Equipment can range from £30 to many hundreds of pounds depending on the quality you want to achieve. Hosting can range from cheap (£5 a month) to expensive, for me transcription also costs about £1 a minute. The biggest cost is time to produce the shows though. I now pay someone $15 a show to edit.
You also run a blog. How does the blog and the podcast relate to each other? Are there any people who are interested only in the blog but not in the podcast?
If you are talking about beginselfpublishing.com then I consider that to be just an extension of the podcast rather than a blog in itself. I haven’t met anyone only interested in the blog element of the show.
Are you a writer yourself? Does having a podcast help promoting your books?
Yes and no. It doesn’t help as they are in the fantasy and sci-fi area. However, for my next non-fiction book, the show will help. In terms of using a podcast to promote a book I wouldn’t recommend it, but there are many good reasons why authors should consider podcasting.
Any tips on marketing? How did you start promoting your podcast?
The best tip is to transfer an audience from somewhere else. Running a live show and then using the audio from that as a podcast is one way, another is to start a podcast off the back of a long-running existing blog or video series where search engine traffic has already created an audience. It’s very hard to get found with just a podcast unless it’s a niche topic where you are the only show and you can spread the word in other relevant venues for promoting that niche.
Who are your audience? More ‘seasoned’ writers or people who are just starting up? Or other podcasters?
Some more seasoned writers, social media marketers, some beginning authors, people interested in self-publishing…
Can you give any advice to somebody who is just thinking about launching a podcast?
For me the biggest benefit of the podcast has been the connections I have made with guests. People very rarely turn down podcast interviews – I’d say 80% of the people I ask have said yes. I value the ability to seek out interviews with people, to learn about things I am interested in personally. The average podcast has about 200 downloads a month for the first month of every episode, so don’t expect huge audiences unless you have created them elsewhere. But you do get a level of credibility and status from having a podcast.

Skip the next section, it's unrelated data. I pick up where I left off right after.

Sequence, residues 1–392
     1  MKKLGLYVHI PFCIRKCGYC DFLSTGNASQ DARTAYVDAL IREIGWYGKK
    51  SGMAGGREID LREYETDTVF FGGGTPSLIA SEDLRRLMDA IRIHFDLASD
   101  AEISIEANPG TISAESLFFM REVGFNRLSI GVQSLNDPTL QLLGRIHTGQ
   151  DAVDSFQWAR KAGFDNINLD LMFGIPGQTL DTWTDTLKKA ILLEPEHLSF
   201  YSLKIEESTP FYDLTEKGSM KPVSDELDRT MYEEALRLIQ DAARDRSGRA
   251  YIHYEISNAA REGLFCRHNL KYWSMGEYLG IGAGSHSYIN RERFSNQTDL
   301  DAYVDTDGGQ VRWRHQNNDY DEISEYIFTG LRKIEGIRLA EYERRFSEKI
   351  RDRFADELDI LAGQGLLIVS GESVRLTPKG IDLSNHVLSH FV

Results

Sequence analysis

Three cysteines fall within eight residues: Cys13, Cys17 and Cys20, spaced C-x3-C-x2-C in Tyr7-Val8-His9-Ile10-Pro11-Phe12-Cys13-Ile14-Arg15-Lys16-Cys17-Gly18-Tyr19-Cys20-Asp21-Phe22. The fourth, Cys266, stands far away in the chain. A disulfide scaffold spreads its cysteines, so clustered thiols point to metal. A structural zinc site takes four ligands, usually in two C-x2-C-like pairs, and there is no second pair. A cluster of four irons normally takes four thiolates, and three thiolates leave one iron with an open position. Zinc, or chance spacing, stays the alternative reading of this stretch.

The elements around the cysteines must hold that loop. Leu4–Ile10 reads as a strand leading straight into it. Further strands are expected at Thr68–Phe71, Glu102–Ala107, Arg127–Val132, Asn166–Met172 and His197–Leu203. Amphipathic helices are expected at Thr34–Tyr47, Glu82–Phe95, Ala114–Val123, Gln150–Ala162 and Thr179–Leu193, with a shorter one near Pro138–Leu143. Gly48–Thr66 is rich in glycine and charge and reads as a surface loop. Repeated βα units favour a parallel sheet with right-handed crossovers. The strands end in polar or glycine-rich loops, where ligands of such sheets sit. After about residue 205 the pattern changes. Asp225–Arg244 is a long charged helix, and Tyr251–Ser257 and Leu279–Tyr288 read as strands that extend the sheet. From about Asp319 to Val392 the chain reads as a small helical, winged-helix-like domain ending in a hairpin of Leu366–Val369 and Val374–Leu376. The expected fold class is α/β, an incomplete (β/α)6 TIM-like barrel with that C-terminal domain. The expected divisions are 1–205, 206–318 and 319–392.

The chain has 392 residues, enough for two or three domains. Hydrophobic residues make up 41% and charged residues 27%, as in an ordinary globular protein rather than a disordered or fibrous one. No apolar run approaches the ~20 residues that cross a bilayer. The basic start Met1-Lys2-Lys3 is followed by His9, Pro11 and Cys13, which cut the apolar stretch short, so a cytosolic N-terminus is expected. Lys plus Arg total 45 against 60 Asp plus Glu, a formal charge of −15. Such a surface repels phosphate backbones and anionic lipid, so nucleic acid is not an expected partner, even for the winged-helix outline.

Tim Lewis is the host of the Begin Self-Publishing Podcast and has written six books: three time-travel novellas and three fantasy novels. He lives in London and is currently working on his first non-fiction book about social media. You can find out about him at stonehampress.com and the podcast is available at beginselfpublishing.com and on iTunes and all good podcast services.
Best podcasts for self-publishers
So, what should you listen to? Our personal favourites include the aforementioned Begin Self-Publishing and Joanna Penn’s weekly podcast on writing, creativity and publishing options.
The list of great podcasts directed towards writers and self-publishers is endless. Check out the Grammar Girl for biweekly writing advice, Kobo Writing Life for the authors publishing through Kobo (featuring interviews with top influencers of the industry) and Writers Who Don’t Write for weekly interviews with writers who have a story they struggle to write down.
We are always open to try more interesting podcasts (six is just not enough), so please drop us a comment to tell us: what are you listening to?
Going wide or KDP only? Today’s article is covering exclusive distribution definition, examples and arguments for and against it.Exclusive distribution…